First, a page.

One of the many benefits of working in education and service organizations is the ability to see there is a deeper meaning, beyond profits, for our organization’s existence. It’s likely many of our employees draw a connection to the impact on children and communities. People who find purpose in their work feel a sense of pride and are more likely to be engaged.

While there is a distinct connection to meaningful work in our industries, it is still beneficial to employees when leaders commit to communicating the organization’s purpose as often as sales goals and profits. Research concludes that a 10% improvement in employee connection with the mission or purpose of their organization would result in increased profitability and a decrease in turnover and safety incidents.


Leaders can also use the organization’s purpose to ground employees during periods of change or disruption. Our partner, Superintendent Dr. Jennifer Lowery and Curriculum Director Dr. Tonia Warzecha, lead in a growing a young district outside of Sioux Falls, South Dakota. Tea Area School District’s vision is to educate and empower each student for success in a global society. To continue to focus on their vision despite disruption last spring, Jennifer explained in podcast interview #77: Avoiding the Chaos that their team has communicated the purpose and why at the beginning of every message.

Jennifer and Tea Area School District also recognize that their responsibility in the community extends beyond care and concern for students and learning.

We’re the largest employer in the community. So, we’re not only a hub for our employees but also the voice of the community in many respects. – Dr. Jennifer Lowery

Leaders at Tea Area School District heard a strong and clear communication and instructional plan from day one. This authentic, personable approach to communicate daily with teachers, students and community members helped Tea Area build the trust necessary for people to withstand disruption and focus on their organization’s purpose.


We developed a district communication plan with specific timelines, development of keywords and purposeful timing. We did this for our employees and our community. Then we told them the purpose, the timing, what they can expect and when they can expect it from us. – Dr. Jennifer Lowery

Weekly Feedback Cycles

Effective communication within our organizations and community can only be achieved by activating two-way communication channels. Employees and community members have questions and valuable insights for leaders to hear. To help leaders in Tea Area School District make the best decisions and adjustments for their community, Jennifer and Tonia enabled Google forms and 7-day feedback cycles for all employees to submit questions and receive timely answers. Students, parents and community members respond to surveys on a regular basis to help the district make the right adjustments.

Transparent Leader Communication

Employees and communities feel valued by organizations when they are included in the process and kept up to date on decisions and changes. After district leadership meetings in Tea Area, detailed meeting notes are sent to the entire administration team, and when appropriate all employees and the broader community. This ensures the most accurate information is received and understood. People are more likely to support or work for an organization when they understand what the organization values, what its plans are and how it operates.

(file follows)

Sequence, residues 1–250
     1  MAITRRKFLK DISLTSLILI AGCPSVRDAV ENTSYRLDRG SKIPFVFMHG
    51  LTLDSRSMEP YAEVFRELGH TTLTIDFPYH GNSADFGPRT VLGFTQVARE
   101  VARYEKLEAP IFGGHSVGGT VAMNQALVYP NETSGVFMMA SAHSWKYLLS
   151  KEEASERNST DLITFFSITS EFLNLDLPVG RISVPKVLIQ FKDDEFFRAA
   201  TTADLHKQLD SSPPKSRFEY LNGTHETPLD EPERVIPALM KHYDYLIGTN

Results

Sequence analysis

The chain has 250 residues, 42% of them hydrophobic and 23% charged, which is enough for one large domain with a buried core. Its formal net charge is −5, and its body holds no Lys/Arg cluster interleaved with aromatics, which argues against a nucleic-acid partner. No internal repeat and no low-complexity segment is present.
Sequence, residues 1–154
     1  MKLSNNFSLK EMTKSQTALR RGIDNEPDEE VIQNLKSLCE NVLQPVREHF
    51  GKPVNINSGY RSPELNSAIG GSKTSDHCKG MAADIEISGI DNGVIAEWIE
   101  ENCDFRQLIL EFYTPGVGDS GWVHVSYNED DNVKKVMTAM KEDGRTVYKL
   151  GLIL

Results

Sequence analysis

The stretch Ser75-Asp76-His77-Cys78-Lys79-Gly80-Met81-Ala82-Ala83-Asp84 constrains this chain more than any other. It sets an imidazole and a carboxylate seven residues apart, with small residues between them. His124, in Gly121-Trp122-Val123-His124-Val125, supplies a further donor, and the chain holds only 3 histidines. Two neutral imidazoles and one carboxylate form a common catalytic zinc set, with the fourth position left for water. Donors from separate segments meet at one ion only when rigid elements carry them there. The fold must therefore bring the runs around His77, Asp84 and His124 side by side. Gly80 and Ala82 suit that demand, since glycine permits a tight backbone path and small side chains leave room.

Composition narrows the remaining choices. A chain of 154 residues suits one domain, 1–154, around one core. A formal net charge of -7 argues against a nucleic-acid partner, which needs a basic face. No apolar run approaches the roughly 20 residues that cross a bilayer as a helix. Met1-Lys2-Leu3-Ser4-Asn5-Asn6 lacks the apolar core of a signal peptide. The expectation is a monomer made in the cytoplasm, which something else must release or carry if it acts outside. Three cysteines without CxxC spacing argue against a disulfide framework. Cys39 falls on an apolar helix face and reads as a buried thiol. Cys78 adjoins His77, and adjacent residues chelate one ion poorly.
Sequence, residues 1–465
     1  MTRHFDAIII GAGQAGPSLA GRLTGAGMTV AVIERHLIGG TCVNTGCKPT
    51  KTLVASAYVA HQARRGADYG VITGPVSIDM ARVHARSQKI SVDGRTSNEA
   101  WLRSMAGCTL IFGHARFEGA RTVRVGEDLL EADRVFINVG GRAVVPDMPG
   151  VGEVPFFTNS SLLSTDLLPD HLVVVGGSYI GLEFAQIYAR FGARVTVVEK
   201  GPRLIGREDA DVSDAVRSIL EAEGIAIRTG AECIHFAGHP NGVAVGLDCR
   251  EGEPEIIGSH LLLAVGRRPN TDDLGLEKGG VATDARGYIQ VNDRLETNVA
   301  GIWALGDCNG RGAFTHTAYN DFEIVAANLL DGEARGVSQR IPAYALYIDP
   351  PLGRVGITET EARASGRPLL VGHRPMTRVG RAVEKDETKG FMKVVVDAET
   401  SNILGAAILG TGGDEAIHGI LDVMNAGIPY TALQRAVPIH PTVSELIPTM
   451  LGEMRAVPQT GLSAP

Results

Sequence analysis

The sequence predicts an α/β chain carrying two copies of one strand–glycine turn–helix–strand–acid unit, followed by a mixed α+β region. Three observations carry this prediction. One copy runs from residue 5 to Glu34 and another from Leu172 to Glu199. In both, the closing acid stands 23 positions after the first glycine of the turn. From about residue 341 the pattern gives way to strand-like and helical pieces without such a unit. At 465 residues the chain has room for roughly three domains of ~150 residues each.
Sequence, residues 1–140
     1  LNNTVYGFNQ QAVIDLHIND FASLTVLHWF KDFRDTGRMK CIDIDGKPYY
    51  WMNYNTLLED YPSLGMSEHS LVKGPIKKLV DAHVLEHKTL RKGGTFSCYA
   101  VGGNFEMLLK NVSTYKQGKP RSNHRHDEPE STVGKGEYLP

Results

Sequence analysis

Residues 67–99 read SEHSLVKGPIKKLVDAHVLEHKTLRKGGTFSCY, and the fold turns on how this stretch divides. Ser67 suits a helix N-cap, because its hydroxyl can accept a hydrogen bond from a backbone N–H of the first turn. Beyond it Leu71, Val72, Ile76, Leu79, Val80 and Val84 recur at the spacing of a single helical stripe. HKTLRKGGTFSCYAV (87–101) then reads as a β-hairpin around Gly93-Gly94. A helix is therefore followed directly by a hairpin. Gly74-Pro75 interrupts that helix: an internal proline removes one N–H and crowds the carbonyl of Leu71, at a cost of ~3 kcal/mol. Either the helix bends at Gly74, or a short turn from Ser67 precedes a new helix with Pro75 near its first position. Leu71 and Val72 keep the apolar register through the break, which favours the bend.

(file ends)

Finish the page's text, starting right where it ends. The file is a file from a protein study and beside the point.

Start and End with Purpose

Inspiring a sense of unity can help us reach our goals as an organization. When we help people focus on our purpose or the outcome we are trying to achieve together, they are more likely to understand why decisions are made and changes are taking place. A focus on purpose unites people to find solutions for the common goal and situation presented. When employees understand why the work is so important, they are more likely to be motivated to do their best.

Leader Rounding

Employees who feel their voice is heard are 4.6 times more likely to feel empowered to perform their best work according to a Salesforce report. Employees want input on decisions that affect their jobs and they want to know their leaders are listening. Leaders can accomplish this through the practice of leader rounding. Even while working virtually Jennifer, Tonia and Tea Area’s leadership team were able to cascade rounding throughout their entire district:

So our second week of instruction, Dr. Warzecha and I and our Principals, had teams of teachers either based on their grade levels or content areas and we used the leader rounding structure of: ‘What’s going well?,’ ‘What’s not going well?’ and ‘What support do you need from us?’. We followed that two weeks later with an open Q&A session, all on Google Meet, so that we are personally meeting with each other and making it live that I answer any questions that the staff may have following the board meeting. – Dr. Jennifer Lowery

Rounding didn’t stop at the employee level either Tonia pointed out:

Teachers are scheduling Google Meets with all of the students so that they can provide instruction. And quite frankly just so they can touch base and maintain the social interaction to keep the social and emotional learning and development on par with what we want it to be.

Jennifer and Tonia have successfully led their team through intense change with a focus on purpose, care and concern for students, employees and their whole community. You can learn more about Tea Area School District’s success at What’s Right in Education 2020 (WRIE) our virtual Leadership Conference. Superintendent Dr. Jennifer Lowery discuss how to have a laser focus on what matters to generate the best outcomes for children.

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